- Yomiuri Editorial
Raise public awareness of refugees’ hardships even after Tokyo Games
13:58 JST, September 5, 2021
It has been encouraging to see refugee athletes dedicating themselves to sports without giving in to the adversity of having to flee their home country due to conflict or persecution. It is hoped that these performances by members of the refugee teams create an opportunity for the public to deepen their concern for and understanding of refugee-related issues.
Refugee teams have been formed for athletes who have been recognized as refugees in various countries around the world to participate in the Tokyo Olympics and Paralympics.
Such teams were first formed at the Rio de Janeiro Games in 2016. At the Tokyo Games, 35 refugee athletes were selected to compete, about triple the number for the Rio Games. The increase evidently reflects the reality in which there are a growing number of athletes who are capable of competing at the Olympics and Paralympics but have fled their country and become refugees.
There are about 26.4 million refugees in the world. Together with displaced people who remain in their countries and asylum seekers, the overall number of such people has doubled in the past 10 years to about 80 million.
A majority of refugees come from five countries: Syria, Venezuela, Afghanistan, South Sudan and Myanmar. In these nations, civil wars and tyranny are ongoing, with many people unable to flee abroad losing their homes and forced to live in harsh conditions.
Refugee athletes have undergone harrowing experiences, such as risking their life to flee their country and taking shelter amid difficult circumstances. They have expressed their desire to compete to empower other refugees.
Swimmer Abbas Karimi, an Afghan native who currently lives in the United States, finished eighth in the men’s 50-meter butterfly at the Tokyo Paralympics.
Kimia Alizadeh, a native of Iran who had fled to Germany, defeated the two-time Olympic reigning champion on her way to finishing fourth in the 57-kilogram division of women’s taekwondo at the Tokyo Olympics.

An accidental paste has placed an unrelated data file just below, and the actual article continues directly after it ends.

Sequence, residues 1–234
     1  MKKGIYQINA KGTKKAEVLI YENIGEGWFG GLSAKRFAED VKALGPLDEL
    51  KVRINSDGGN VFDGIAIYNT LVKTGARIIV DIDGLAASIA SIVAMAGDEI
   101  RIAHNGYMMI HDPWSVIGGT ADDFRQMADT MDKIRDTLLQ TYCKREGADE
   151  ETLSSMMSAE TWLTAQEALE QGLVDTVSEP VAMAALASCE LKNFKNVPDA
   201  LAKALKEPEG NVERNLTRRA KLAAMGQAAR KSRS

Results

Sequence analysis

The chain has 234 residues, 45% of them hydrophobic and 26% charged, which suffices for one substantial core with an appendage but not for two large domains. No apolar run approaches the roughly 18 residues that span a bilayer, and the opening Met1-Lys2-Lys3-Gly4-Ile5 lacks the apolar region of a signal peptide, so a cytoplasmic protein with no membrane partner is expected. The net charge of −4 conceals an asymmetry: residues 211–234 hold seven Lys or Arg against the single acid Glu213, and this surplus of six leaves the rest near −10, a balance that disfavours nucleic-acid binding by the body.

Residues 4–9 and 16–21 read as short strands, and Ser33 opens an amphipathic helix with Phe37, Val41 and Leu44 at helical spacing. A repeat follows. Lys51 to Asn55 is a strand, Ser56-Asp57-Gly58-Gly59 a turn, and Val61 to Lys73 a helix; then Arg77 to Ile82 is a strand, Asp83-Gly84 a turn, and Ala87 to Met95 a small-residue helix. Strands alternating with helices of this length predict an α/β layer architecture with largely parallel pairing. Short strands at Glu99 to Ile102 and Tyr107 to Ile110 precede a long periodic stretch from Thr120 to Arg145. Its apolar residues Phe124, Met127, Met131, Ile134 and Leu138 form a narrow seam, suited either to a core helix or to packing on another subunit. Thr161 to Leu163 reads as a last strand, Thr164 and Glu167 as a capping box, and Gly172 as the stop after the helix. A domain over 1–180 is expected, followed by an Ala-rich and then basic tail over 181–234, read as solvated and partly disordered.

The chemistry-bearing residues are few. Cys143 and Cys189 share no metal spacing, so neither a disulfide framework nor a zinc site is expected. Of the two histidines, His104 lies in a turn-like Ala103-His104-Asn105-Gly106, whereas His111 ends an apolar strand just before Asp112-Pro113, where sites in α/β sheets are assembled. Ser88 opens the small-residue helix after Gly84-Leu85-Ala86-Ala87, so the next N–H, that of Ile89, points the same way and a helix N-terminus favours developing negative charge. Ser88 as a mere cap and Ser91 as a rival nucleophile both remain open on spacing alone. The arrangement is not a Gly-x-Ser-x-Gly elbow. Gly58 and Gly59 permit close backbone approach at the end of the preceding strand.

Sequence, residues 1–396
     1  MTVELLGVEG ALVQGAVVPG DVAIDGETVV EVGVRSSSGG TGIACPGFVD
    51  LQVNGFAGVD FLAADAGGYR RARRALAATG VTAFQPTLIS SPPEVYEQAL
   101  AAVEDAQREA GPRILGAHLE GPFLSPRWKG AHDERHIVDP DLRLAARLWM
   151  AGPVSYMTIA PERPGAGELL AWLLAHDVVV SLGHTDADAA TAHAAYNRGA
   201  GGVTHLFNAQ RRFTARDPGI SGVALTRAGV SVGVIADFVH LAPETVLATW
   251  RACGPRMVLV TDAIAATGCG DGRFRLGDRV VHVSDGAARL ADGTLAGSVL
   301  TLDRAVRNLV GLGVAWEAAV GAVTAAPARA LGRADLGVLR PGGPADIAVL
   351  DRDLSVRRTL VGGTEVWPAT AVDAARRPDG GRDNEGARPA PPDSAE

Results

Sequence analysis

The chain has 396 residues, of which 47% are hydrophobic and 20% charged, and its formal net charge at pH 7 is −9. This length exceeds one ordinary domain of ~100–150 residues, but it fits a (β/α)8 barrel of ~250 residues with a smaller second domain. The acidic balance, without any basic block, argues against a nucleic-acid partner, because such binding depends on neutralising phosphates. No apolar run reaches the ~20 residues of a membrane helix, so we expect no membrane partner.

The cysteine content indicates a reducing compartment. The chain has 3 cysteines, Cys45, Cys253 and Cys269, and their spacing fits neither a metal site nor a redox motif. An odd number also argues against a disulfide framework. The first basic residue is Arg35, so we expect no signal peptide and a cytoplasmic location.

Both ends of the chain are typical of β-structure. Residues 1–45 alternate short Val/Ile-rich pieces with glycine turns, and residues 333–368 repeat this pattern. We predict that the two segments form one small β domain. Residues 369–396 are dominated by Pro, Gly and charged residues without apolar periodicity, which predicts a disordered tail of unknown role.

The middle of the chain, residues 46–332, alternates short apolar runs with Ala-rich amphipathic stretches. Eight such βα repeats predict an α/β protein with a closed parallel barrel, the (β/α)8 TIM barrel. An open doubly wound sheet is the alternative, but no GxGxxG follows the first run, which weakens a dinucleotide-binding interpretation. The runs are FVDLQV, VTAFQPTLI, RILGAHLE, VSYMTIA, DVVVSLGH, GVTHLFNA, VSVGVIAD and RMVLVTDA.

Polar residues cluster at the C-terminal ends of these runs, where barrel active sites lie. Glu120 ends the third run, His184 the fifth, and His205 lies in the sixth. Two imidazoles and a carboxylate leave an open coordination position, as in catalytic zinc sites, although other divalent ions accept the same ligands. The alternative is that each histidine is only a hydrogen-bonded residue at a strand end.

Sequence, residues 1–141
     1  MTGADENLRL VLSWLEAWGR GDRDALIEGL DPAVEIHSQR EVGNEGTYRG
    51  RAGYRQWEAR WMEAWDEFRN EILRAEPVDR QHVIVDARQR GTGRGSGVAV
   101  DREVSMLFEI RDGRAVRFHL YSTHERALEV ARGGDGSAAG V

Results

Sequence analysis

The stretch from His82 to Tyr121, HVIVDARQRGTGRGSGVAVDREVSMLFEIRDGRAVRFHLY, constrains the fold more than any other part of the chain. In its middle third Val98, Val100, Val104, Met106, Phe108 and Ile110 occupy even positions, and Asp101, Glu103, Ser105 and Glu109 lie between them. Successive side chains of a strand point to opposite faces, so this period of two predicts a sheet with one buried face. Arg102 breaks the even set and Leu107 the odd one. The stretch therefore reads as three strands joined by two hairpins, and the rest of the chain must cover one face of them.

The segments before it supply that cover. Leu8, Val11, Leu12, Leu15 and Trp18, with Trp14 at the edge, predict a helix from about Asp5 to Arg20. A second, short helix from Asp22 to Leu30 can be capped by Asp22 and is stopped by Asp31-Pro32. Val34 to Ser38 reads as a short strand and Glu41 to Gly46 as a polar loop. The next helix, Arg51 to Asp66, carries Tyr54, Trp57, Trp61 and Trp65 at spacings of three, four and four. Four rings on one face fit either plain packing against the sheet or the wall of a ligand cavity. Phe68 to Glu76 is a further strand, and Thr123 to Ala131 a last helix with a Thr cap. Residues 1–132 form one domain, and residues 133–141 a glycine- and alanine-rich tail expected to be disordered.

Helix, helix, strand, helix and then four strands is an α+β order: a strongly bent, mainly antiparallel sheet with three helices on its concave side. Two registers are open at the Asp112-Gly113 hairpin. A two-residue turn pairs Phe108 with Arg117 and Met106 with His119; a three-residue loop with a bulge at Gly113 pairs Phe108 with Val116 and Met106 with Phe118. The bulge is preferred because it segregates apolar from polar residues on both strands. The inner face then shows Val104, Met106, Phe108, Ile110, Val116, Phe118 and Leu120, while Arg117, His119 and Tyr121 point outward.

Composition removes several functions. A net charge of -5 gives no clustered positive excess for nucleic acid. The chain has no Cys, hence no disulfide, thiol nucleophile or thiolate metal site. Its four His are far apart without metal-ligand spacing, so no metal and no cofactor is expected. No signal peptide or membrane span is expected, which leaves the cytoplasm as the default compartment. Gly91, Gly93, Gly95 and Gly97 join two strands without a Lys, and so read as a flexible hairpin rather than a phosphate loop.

A refugee athlete from Syria stressed that people should “just believe in yourself” and do their best, and that as long as people retain hope, dreams will come true. More than a few young refugees must have been encouraged.
It should also not be forgotten that many athletes believe forming such refugee teams should not have to be a reality and want to be able to represent their home country the next time they compete.
The task is formidable for the international community to stabilize the situation by engaging with countries that have caused refugees to exist.
At the Tokyo Olympics, a Belarusian athlete was ordered by the Belarus government to return home after criticizing her coaching staff. She sought protection from Japanese police and eventually defected to Poland. Afghan athletes, who had once given up on participating in the Tokyo Paralympics due to political upheaval at home, arrived in Japan with support from relevant countries.
Through news on these refugee athletes, many people must surely have become more aware of international politics and issues related to refugees. Continuous efforts are crucial to establish one of the core concepts of the Tokyo Games: “Unity in Diversity.”
— The original Japanese article appeared in The Yomiuri Shimbun on Sept. 5, 2021.
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